In granting qualified immunity to Officer Ramsey on the excessive-force claim, the district court considered Officer Ramsey's conduct taking down Mrs. Starrett as she had alleged: intentional 6 and done without any warning that she should step aside or that she would be arrested.7 The court properly reviewed Mrs. Starrett's excessive-force claim under the Fourth Amendment for objective reasonableness, as required by Graham v. Connor, 490 U.S. 386, 397 (1989). “[T]he question is whether the officers' actions are objectively reasonable in light of the facts and circumstances confronting them, without regard to their underlying intent or motivation.” Id. (internal quotation marks omitted). The inquiry “requires careful attention to the facts and circumstances of each particular case, including the severity of the crime at issue, whether the suspect poses an immediate threat to the safety of the officers or others, and whether he is actively resisting arrest or attempting to evade arrest by flight.” Id. at 396. It must also “allow [ ] for the fact that police officers are often forced to make split-second judgments—in circumstances that are tense, uncertain, and rapidly evolving—about the amount of force that is necessary in a particular situation.” Id. at 396–97.

The district court said that the first Graham factor weighed slightly in favor of finding the force used was not excessive because the crime at issue, interference, was only a misdemeanor. See Morris v. Noe, 672 F.3d 1185, 1195 (10th Cir. 2012) (concluding that first Graham factor weighed only slightly in favor of finding a takedown an acceptable use of force where crime was misdemeanor).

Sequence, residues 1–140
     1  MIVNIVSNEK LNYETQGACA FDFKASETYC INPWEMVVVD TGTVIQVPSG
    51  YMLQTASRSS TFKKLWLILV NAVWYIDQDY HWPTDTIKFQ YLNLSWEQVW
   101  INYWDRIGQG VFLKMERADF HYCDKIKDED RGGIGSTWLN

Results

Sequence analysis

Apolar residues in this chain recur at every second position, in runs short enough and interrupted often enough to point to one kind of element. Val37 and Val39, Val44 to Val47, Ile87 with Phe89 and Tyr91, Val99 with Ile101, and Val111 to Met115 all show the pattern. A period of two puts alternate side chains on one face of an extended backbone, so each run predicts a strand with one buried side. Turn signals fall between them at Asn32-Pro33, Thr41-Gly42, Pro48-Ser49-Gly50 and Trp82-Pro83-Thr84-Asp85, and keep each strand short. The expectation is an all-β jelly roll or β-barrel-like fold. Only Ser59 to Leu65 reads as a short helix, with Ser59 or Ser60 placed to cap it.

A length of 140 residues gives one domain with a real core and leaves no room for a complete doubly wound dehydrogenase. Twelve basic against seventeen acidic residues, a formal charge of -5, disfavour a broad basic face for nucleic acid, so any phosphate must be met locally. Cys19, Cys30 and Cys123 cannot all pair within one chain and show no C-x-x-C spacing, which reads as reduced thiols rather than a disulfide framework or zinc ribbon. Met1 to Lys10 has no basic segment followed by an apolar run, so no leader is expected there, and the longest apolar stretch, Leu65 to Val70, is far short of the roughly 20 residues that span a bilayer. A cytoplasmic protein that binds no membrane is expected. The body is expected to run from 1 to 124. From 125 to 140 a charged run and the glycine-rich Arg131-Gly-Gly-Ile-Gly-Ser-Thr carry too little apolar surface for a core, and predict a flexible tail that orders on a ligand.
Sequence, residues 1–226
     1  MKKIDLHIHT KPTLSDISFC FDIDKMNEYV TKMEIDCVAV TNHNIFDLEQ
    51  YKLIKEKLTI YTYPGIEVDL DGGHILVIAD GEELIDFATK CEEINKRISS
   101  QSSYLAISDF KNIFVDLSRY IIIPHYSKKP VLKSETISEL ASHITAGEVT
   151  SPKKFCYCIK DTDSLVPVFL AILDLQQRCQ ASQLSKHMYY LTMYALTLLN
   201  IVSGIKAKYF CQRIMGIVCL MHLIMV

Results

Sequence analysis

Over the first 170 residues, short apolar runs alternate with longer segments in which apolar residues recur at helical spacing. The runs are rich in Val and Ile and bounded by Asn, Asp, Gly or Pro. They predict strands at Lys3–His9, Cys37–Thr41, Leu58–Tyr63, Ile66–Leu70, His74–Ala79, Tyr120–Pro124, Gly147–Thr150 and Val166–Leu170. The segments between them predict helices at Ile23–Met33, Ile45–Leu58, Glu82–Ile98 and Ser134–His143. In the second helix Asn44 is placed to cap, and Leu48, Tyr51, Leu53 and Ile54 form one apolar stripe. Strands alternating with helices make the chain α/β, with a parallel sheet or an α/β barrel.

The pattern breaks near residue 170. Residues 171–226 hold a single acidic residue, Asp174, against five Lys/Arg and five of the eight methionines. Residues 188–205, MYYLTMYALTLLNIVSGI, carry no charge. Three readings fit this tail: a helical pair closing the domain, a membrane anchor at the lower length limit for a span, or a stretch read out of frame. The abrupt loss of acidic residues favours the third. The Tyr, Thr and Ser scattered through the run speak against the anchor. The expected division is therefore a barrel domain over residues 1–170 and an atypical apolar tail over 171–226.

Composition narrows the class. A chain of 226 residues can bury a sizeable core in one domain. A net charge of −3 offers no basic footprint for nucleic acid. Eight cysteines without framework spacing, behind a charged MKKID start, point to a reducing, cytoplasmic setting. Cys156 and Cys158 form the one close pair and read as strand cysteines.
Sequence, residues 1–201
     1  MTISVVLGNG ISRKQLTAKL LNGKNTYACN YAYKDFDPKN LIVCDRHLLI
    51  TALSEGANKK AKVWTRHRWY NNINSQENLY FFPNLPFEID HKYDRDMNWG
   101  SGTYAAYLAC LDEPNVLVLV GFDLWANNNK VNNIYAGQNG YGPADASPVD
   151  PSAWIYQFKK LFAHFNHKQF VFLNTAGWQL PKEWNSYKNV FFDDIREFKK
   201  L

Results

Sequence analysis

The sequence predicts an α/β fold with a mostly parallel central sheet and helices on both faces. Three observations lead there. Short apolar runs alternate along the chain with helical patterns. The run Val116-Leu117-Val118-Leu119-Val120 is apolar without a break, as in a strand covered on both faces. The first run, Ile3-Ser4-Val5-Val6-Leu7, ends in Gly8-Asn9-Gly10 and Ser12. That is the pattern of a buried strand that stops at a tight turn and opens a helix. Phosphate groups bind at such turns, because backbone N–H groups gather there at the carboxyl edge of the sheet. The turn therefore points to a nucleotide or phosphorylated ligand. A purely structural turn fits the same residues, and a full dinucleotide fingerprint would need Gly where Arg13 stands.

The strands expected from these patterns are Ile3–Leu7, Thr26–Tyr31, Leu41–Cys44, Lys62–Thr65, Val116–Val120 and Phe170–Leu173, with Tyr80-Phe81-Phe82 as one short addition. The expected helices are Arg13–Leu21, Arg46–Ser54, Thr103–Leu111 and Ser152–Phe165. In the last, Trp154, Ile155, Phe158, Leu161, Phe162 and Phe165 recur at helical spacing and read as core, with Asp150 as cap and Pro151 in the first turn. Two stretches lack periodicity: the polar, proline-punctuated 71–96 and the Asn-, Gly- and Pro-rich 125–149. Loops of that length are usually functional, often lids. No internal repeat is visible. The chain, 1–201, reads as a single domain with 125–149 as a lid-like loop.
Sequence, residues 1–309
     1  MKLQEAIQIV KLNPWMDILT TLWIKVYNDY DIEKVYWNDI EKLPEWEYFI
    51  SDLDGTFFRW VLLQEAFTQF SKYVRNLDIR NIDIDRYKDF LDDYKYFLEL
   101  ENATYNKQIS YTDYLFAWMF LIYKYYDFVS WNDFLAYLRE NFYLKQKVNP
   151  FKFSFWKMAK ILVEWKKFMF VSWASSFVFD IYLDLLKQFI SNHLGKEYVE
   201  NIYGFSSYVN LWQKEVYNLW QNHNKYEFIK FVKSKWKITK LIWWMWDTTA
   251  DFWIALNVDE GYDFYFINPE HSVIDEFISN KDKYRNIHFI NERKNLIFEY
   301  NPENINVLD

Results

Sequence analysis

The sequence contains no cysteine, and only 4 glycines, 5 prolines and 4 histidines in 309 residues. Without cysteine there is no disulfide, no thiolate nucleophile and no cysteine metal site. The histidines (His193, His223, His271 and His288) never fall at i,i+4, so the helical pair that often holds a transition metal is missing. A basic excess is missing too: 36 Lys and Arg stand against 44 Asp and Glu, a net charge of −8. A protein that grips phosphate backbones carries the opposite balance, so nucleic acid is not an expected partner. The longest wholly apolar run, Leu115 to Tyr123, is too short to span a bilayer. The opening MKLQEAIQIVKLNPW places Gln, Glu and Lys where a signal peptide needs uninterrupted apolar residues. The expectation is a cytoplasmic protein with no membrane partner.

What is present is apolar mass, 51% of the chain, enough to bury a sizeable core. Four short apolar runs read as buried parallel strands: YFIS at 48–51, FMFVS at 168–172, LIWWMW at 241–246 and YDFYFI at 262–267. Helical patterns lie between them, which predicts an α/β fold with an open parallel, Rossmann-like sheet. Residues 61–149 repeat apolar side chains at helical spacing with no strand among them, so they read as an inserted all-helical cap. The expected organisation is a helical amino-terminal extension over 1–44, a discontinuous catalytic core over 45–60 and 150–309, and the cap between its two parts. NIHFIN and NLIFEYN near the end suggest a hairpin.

The district court found the second factor more compelling as justifying the officer's conduct. It concluded Officer Ramsey could have reasonably believed that Mrs. Starrett's act of closing the front door posed an immediate safety threat given that she appeared intoxicated and was uncooperative, Officer Ramsey had no way of knowing if Mr. Starrett was also intoxicated or otherwise agitated, and Officer Ramsey could have reasonably suspected there was a firearm present given his knowledge of the prior domestic disturbance call at the Starretts' trailer. See Novitsky v. City of Aurora, 491 F.3d 1244, 1256–57 (10th Cir. 2007) (reasoning that risks presented by potentially intoxicated persons can justify heightened use of force); Fletcher v. Town of Clinton, 196 F.3d 41, 50 (1st Cir. 1999) (explaining that deference is owed to an officer's judgment in domestic disputes because “violence may be lurking and explode with little warning”).

The district court determined that the third Graham factor weighed in favor of finding excessive force because Mrs. Starrett was taken down immediately after she closed the door, indicating she had not resisted an arrest or tried to flee.

Despite its analysis of the Graham factors, the court did “not definitively rule on them.” Aplt. App., Vol. 1 at 259. The court instead decided that the law was not clearly established. Mrs. Starrett identified no case involving similar circumstances, and the district court considered Morris but concluded that it was significantly different than the instant case. The court said at least two of the “Graham factors arguably suggest[ed] that a takedown was an appropriate use of force” and determined that Mrs. Starrett's case was not egregious enough to decide on Graham's “more generalized precedent.” Id. at 260.

As in the district court, Mrs. Starrett has on appeal failed to “identify a case where an officer acting under similar circumstances as [Officer Ramsey] was held to have violated the Fourth Amendment.” White, 137 S. Ct. at 552. Instead, she outlines Graham's general excessive-force principles. But the Graham factors “do not by themselves create clearly established law,” id., and, given the unique circumstances here, “[t]his is not a case where it is obvious that there was a violation of clearly established law under ․ Graham.” Id. We therefore conclude that Officer Ramsey was entitled to qualified immunity on the excessive-force claim.